We’ve dedicated our farm to heritage (or heirloom) plants and animals: these are older breeds and varieties, esteemed for their history and hardiness. Many are endangered because, in the mid-twentieth century, corporate farming narrowed consumer’s choices as it selected plants and animals that were easy to raise in great numbers. At the same time, families stopped growing their own food as they moved to cities and suburbs. There was a time when nearly every American had a back yard garden and a few chickens–even in cities.
1. The Dominque chicken has been around for centuries and was poplar among American colonists. Dominique hens are known as attentive mothers. In general, the chicken is good for both meat and eggs. But, as with so many heritage breeds, its popularity waned as corporate farming favored chickens that grew faster and fatter (and offered bigger eggs). The Dominique is now endangered.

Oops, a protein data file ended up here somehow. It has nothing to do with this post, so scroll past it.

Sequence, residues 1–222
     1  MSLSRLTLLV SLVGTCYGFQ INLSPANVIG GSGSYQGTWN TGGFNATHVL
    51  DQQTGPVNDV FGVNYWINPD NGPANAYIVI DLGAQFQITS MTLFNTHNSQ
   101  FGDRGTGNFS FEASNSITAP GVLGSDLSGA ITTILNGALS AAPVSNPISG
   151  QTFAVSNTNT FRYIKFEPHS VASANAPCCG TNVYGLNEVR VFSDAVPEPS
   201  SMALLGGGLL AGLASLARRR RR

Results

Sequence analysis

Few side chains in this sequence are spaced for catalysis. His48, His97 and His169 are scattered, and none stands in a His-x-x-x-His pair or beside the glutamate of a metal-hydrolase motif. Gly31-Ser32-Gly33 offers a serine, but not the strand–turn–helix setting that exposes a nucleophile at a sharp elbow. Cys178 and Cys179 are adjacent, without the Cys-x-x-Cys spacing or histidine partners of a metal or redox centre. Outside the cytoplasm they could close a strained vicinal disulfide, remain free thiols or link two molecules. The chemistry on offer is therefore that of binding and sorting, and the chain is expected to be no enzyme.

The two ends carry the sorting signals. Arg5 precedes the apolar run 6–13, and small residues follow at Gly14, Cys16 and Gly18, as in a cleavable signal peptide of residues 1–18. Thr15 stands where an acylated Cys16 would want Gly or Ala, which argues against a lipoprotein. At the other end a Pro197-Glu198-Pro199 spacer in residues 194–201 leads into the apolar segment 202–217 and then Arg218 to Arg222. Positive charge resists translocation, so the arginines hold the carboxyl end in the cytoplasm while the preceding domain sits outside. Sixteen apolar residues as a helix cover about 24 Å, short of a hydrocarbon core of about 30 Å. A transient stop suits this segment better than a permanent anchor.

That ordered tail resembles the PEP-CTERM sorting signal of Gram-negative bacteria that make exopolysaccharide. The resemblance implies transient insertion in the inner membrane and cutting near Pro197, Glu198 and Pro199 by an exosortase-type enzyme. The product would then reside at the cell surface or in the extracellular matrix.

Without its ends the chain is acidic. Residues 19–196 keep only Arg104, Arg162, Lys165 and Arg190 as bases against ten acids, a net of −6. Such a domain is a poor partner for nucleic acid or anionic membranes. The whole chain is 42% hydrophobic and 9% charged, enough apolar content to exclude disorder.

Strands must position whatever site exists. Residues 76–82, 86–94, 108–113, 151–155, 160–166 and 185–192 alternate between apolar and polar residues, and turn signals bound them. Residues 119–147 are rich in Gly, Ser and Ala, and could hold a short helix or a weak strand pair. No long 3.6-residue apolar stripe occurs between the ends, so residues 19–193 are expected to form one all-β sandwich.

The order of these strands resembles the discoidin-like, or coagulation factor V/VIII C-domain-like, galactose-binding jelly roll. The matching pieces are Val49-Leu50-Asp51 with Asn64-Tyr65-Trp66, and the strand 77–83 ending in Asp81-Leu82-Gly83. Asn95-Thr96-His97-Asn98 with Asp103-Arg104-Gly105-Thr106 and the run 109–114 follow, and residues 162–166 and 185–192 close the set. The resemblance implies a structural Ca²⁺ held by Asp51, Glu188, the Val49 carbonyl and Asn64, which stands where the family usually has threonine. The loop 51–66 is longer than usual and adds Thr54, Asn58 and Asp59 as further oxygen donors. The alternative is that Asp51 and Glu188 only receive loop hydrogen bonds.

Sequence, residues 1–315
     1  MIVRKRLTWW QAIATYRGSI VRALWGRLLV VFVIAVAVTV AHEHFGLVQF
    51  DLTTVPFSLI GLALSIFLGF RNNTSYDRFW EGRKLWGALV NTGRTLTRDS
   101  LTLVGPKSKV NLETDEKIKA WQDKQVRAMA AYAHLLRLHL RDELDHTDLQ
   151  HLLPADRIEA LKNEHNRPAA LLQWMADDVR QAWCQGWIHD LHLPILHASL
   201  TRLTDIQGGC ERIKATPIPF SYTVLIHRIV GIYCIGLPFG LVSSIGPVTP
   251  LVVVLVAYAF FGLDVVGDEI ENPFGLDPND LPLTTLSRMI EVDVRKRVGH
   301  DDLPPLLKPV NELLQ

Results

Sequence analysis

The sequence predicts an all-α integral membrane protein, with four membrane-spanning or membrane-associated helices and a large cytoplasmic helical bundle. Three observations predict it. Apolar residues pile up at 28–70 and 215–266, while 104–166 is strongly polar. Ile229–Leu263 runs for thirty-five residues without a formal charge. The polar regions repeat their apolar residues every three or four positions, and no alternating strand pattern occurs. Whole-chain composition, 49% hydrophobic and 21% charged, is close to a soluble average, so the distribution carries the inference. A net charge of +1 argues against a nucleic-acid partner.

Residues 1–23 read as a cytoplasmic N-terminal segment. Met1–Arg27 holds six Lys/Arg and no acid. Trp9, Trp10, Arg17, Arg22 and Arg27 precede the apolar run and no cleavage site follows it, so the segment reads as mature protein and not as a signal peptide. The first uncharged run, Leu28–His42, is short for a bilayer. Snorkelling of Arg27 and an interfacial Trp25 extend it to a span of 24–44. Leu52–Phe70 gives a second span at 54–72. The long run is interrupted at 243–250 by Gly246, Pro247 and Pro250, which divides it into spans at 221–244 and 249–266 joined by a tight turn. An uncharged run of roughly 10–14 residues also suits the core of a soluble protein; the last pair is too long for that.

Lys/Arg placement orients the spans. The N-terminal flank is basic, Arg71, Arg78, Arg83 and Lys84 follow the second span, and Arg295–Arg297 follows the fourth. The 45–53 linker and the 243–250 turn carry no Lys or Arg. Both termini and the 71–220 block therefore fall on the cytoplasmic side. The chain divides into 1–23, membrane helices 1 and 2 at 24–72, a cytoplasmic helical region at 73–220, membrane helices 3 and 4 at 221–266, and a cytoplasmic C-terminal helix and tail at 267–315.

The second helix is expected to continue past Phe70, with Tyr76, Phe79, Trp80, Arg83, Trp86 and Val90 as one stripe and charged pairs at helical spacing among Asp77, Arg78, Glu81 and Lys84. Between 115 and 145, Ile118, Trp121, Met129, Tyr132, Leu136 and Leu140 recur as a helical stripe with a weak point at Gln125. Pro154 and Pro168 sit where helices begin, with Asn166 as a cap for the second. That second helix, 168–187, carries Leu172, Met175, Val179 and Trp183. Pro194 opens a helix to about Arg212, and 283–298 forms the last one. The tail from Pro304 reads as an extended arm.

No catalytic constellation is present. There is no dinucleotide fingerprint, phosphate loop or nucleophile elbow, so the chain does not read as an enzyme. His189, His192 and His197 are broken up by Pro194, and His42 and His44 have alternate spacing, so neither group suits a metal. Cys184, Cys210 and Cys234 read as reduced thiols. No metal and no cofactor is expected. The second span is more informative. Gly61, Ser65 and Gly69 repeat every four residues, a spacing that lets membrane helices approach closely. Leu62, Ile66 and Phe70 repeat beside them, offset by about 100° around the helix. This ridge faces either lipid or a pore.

2. The Spitzenberg apple was discovered by Europeans in the late 1700s in upstate New York. This was reputedly Thomas Jefferson’s favorite apple. It’s a spicy, firm fruit that stores well.
Although there are 2,500 varieties of apples grown in the U.S., we get only a handful of varieties–usually no more than 6 of 7–in our supermarkets. Why? It’s easier to grow fewer varieties in large quantities, obviously. Also transportation is key, growing an apple that can withstand the rigors of long-distance trucking. And there is the issue of marketing: it’s hard to widely market more than a handful of apples.
3. Kentucky Wonder pole bean: cultivated in Kentucky in the mid-1800s, this bean is prized for its nutty flavor and meaty, stringless pods. It’s been known by a number of other names: American Sickle Pole, Eastern Wonder, Egg Harbor, Georgia Monstrous Pole, Improved Southern Prolific, Missouri Prolific, Old Homestead Pole and Texas Pole. Easy to grow and versatile, it’s a mainstay of many backyard American gardens.
Here’s more info. on heirloom agriculture from the USDA.